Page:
The Life & Legend of E.H. Harriman

By Maury Klein | Go to book overview
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12
Going North

Hardly less important than the actual fruit of the expedition is its value as a sign-post to our multi-millionaires. A little while ago a Western man of vast wealth was heard to complain to a friend that he did not know how to spend his money satisfactorily. Mr. Harriman's Alaska Expedition and its magnificent results seem to indicate

one true solution to the problem….

—Will Dall, “Discoveries in Our Arctic Region”

Between October 1898 and April 1899 Harriman solidified his hold on the Union Pacific, launched his improvements program, went after the Short Line and Navigation companies, plunged into the intricate diplomacy of the Northwest, secured control of the Alton, bought into the Gulf line, and joined the board of the B&O. He had formed an alliance with Schiff and Stillman in which the bankers furnished the capital for buying or merging railroads and put them in Harriman's charge. Despite all these moves, Harriman was still largely unknown to the public. His name seldom appeared in the papers and attracted scant recognition when it did.

A summer earlier, fresh from his first tour of Union Pacific, Harriman sagged with fatigue and took refuge at Paul Smith's. Since then his burdens had grown heavier and his pace even quicker. This time Harriman sought his relief in a twomonth sabbatical that may have been the most remarkable vacation ever taken by a man of business. His idea of rest was to organize, underwrite, and direct what became the last major scientific expedition of the nineteenth century.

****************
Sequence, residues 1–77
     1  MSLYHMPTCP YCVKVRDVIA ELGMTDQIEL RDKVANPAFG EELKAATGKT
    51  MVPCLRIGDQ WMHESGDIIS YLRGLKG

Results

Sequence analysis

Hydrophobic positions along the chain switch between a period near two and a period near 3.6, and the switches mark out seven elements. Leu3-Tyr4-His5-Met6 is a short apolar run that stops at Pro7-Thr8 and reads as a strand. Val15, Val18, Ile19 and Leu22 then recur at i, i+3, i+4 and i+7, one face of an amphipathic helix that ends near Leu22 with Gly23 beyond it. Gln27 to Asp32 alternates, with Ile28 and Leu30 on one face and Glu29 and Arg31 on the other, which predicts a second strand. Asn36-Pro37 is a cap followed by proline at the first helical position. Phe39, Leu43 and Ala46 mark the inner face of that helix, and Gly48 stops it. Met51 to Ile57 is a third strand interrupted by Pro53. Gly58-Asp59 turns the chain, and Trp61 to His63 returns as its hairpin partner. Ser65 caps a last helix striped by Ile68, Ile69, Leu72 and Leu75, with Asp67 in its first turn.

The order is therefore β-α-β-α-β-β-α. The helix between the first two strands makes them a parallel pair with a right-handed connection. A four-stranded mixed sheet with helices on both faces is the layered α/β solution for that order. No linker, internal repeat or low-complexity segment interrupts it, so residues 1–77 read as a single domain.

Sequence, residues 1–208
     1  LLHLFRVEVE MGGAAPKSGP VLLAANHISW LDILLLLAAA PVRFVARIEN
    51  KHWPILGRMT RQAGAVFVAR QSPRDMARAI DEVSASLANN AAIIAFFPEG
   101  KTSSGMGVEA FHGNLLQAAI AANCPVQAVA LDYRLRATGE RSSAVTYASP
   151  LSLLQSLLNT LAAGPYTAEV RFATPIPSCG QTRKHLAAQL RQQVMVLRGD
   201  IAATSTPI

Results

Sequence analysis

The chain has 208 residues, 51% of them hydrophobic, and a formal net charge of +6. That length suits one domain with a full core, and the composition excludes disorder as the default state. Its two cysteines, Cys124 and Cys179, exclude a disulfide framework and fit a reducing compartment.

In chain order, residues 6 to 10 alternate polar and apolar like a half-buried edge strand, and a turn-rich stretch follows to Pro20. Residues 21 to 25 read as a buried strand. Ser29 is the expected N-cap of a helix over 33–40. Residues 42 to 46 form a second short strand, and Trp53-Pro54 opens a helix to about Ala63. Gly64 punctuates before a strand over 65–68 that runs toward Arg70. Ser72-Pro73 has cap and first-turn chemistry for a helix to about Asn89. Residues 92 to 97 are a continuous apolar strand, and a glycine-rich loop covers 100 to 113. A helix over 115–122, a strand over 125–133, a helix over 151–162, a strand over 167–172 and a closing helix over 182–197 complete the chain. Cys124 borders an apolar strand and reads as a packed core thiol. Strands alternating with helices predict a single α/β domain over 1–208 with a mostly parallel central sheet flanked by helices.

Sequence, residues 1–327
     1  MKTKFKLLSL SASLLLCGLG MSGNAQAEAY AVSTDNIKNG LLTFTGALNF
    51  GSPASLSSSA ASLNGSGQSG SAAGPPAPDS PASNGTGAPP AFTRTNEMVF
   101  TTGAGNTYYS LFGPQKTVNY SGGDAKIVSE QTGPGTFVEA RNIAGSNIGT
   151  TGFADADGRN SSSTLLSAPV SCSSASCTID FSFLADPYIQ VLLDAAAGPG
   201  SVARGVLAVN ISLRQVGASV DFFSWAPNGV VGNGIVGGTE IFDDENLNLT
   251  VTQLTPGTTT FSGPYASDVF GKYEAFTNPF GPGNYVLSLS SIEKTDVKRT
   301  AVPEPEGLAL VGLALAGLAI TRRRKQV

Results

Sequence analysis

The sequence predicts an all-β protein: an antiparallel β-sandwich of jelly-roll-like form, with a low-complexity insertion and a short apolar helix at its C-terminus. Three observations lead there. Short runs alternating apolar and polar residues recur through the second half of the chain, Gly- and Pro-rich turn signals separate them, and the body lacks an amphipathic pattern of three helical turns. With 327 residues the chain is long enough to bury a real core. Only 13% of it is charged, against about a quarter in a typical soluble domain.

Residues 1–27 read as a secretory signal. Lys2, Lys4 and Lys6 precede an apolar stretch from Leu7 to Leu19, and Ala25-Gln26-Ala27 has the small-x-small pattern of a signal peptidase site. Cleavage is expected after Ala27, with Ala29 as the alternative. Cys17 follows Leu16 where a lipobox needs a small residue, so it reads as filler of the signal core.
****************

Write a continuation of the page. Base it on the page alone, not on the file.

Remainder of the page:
Of all the mysteries surrounding Harriman's life, none is more elusive than the origins of the Alaskan expedition. Kennan, whose curiosity was always curbed by emotional reticence as well as allegiance, offered Harriman's own simple explanation. In seeking relaxation, Harriman decided to take his family on a chartered cruise to Alaska. His attention had been drawn to the region by the prospect of hunting for the world's largest bear, the Kodiak. When it became clear that the ship he required for comfort and safety could hold many more people, Harriman got the idea of inviting a party of scientists as well. 1

Perhaps that was all there was to it. As Kennan has demonstrated, Harriman's life can be interpreted at face value without probing into deeper motives. But

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